Wednesday, April 18, 2012

Reading Fiction

From Ann Patchett's compelling piece about the disappointments of a year with no Pulitzer Prize for Fiction:

Reading fiction is important. It is a vital means of imagining a life other than our own, which in turn makes us more empathetic beings. Following complex story lines stretches our brains beyond the 140 characters of sound-bite thinking, and staying within the world of a novel gives us the ability to be quiet and alone, two skills that are disappearing faster than the polar icecaps.

I've posted lots of sentiments like this before, and this isn't necessarily the most original formulation of them—but I do agree with her (this is a big part of why I do what I do as an English teacher), and her essay as a whole is quite thoughtful and worth reading.

1 comment:

Steve Simmons said...

While I do agree with her sentiments of "gall" from "losing to no one" as a writer and the feeling of "indignation" as a reader, I take issue with her "rage" as a bookseller. The Pulitzer Prize as "sales tool" is not something with which I am comfortable. Better to award to no one and keep some integrity as a "Prize" than to do so in the hopes of ringing registers at brick and mortar independents. I'm all for enthusiasm for great writing but the sooner the book lovers realize that "books" do not mean "ink on dead trees" the better. And yes, the Academy Awards alleges to honor the "best of the year," unlike the Pulitzer which aims to showcase outstanding works.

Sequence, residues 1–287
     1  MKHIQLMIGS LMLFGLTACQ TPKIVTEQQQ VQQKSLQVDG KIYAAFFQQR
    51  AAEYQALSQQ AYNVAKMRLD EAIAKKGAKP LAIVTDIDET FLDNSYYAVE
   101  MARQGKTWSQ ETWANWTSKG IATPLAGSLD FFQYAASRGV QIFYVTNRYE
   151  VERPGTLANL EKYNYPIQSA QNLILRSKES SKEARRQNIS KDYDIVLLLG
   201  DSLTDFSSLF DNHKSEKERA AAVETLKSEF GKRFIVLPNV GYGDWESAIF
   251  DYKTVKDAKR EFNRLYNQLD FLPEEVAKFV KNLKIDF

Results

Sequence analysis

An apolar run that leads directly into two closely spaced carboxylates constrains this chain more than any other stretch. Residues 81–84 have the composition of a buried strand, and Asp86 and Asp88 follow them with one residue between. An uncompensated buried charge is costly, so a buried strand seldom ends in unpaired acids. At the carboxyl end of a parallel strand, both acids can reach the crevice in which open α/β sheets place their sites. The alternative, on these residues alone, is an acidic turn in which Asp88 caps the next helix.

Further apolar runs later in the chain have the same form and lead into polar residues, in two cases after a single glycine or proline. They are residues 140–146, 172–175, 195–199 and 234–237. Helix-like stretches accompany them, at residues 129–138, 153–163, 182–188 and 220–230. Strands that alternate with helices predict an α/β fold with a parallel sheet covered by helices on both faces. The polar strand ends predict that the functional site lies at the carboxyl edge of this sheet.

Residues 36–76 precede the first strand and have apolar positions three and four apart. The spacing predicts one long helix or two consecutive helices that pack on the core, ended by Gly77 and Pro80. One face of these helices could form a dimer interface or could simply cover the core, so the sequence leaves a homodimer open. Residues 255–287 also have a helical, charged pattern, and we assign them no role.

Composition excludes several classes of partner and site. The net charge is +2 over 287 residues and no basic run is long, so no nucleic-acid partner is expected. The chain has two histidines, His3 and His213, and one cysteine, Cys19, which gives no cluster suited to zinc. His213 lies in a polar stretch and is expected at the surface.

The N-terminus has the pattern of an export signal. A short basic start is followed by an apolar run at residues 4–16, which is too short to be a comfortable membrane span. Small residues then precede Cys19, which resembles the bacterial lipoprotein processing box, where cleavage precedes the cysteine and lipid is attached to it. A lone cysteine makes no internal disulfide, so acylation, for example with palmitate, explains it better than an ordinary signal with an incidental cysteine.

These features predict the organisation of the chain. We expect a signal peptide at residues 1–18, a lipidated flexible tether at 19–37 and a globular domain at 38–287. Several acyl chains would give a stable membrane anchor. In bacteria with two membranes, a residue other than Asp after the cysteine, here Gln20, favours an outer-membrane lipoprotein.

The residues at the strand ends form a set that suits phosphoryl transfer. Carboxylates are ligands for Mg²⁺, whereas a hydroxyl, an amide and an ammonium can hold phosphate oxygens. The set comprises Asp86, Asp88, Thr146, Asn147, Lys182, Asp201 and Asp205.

Maybe books need another award. She has a good point. Book snobs will just have to deal with The Hunger Games types winning sometimes. :)